Inside and Outside Bodies at the University of Glasgow

Dr Melissa Dickson and Dr Jennifer Wallis will be speaking about two moments of Victorian social and cultural anxiety in a panel entitled ‘Inside and Outside Bodies: the Science of Micro and Macrocosms’ at a one day interdisciplinary conference on Anxious Forms: Bodies in Crisis in Victorian Literature and Culture, to be held at the University of Glasgow on Friday, 22nd August.

In her paper, ‘Sounding Out the Body: Laennec’s Stethoscope and the Anxiety of Inner Acoustics’, Melissa Dickson will foreground the potentially uneasy relationship between abstract, invisible sounds and the visible, sound producing bodies of nineteenth-century patients. When, in 1816, René Laennec sought to overcome his difficulties in examining an obese girl with symptoms of heart disease by rolling an exercise book into a cylinder and placing one end at his ear and the other at her precordial region, he discovered that he could hear the sounds of her chest more clearly than if he had applied his ear directly to her body. Three years later, he published a 900 page treatise on the art of mediate auscultation, filled with descriptions of the various sounds he had detected through use of the stethoscope and the diseases they signified. In its gradual adoption by medical practitioners across Europe and America, the stethoscope, a powerful symbol of modern medical practice, marked – as Jonathan Sterne has observed – an important shift in the Western history of listening, whereby the voice of the patient was no longer the basis of diagnosis but existed in relation to other sounds made by and within the patient’s body. However, the ability to hear and to interpret those internal sounds remained exclusive to the trained ears of medical professionals. What of the stethoscope’s effects upon the increasingly objectified patient, unable to hear the sounds of his or her own body?

L0007797 Laennec and the use of the stethoscope at the Hospital Necker

Laennec using his stethoscope at the Hospital Necker.

Drawing on representations of the stethoscope in nineteenth-century literature, poetry, and the periodical press, Melissa will offer insight into the emergent corporeal anxiety implicit in the development of this new medical technology, and the ways in which the stethoscope served as an interface between constructions of presence and absence, and between material and immaterial realms.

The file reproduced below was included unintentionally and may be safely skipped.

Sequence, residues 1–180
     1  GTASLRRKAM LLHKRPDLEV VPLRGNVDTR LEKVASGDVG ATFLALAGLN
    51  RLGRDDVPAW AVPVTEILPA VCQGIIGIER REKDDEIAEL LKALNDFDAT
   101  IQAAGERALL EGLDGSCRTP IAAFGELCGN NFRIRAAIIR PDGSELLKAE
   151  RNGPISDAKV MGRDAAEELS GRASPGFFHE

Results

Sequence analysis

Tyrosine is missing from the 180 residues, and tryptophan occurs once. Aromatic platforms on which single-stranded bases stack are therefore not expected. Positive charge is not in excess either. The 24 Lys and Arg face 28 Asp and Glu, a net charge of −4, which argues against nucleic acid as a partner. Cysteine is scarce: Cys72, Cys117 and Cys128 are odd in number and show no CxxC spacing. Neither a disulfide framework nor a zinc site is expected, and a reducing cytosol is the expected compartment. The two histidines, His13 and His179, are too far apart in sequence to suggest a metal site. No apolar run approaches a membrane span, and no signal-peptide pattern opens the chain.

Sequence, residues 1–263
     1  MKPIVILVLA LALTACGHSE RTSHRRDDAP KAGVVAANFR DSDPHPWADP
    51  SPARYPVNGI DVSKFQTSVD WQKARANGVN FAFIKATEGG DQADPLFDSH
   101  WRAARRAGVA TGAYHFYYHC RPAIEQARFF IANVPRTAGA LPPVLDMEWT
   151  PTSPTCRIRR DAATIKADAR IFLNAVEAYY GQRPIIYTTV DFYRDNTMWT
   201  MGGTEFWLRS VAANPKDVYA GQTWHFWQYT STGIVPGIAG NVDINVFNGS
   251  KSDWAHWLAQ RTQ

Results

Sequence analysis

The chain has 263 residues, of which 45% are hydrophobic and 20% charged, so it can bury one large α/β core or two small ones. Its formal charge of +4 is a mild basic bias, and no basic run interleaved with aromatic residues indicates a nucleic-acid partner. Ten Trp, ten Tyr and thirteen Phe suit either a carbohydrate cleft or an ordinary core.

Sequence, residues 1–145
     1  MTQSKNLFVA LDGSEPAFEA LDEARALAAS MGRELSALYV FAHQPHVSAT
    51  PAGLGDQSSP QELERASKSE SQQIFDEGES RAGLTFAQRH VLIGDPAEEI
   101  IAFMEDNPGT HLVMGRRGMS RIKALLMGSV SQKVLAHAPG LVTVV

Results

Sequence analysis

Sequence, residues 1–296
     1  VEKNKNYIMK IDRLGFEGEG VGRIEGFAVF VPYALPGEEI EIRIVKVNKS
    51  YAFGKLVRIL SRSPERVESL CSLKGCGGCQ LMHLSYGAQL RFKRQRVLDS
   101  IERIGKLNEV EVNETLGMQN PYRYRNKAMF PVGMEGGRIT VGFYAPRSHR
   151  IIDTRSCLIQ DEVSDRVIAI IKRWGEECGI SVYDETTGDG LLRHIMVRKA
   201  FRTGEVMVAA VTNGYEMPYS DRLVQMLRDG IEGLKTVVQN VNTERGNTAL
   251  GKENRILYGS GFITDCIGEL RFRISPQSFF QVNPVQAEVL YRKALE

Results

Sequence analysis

Jennifer Wallis’s paper, ‘Gloom and Misery Everywhere? Stormy Weather and Human Barometers in the Victorian Asylum’, conceives of the anxious body as an expectant body, examining work from the late nineteenth century in which the body of the asylum patient became something of a forecasting tool. At Sussex Asylum, chaplain Thomas Crallan collected a range of meteorological data that he charted alongside the condition of asylum residents. In doing this, Crallan was expanding upon older folkloric ideas about the susceptibility of the insane to atmospheric influence – such as the lunar cycle – and reformulating these within the discourse of late Victorian meteorology.

V0025766 Lightning striking a rural building during a storm: onlooker

The supposed effect of storms on the minds and bodies of asylum patients was one question considered by Thomas Crallan at Sussex Asylum.

Jennifer will use Crallan’s investigations at Sussex to consider how meteorological data was employed in the study of mental disease. In viewing certain classes of asylum patients as ‘human barometers’, commentators implicitly linked them with those ‘lower animals’ long said to possess an acute awareness of impending meteorological changes. Thus, discourses around meteorology in the asylum raised the spectre of degeneration, feeding on widespread anxieties about the impact of the external environment upon both the body and the mind. Medical meteorology, as a developing and self-consciously ‘scientific’ practice, was also a body of knowledge that itself raised anxieties: about the interaction of the medical man and the amateur observer, and – for churchmen like Crallan – possibly forcing observers to examine their personal positions on matters of God and nature.

More information about the conference and its programme is available here. And best of all, it’s free to attend!

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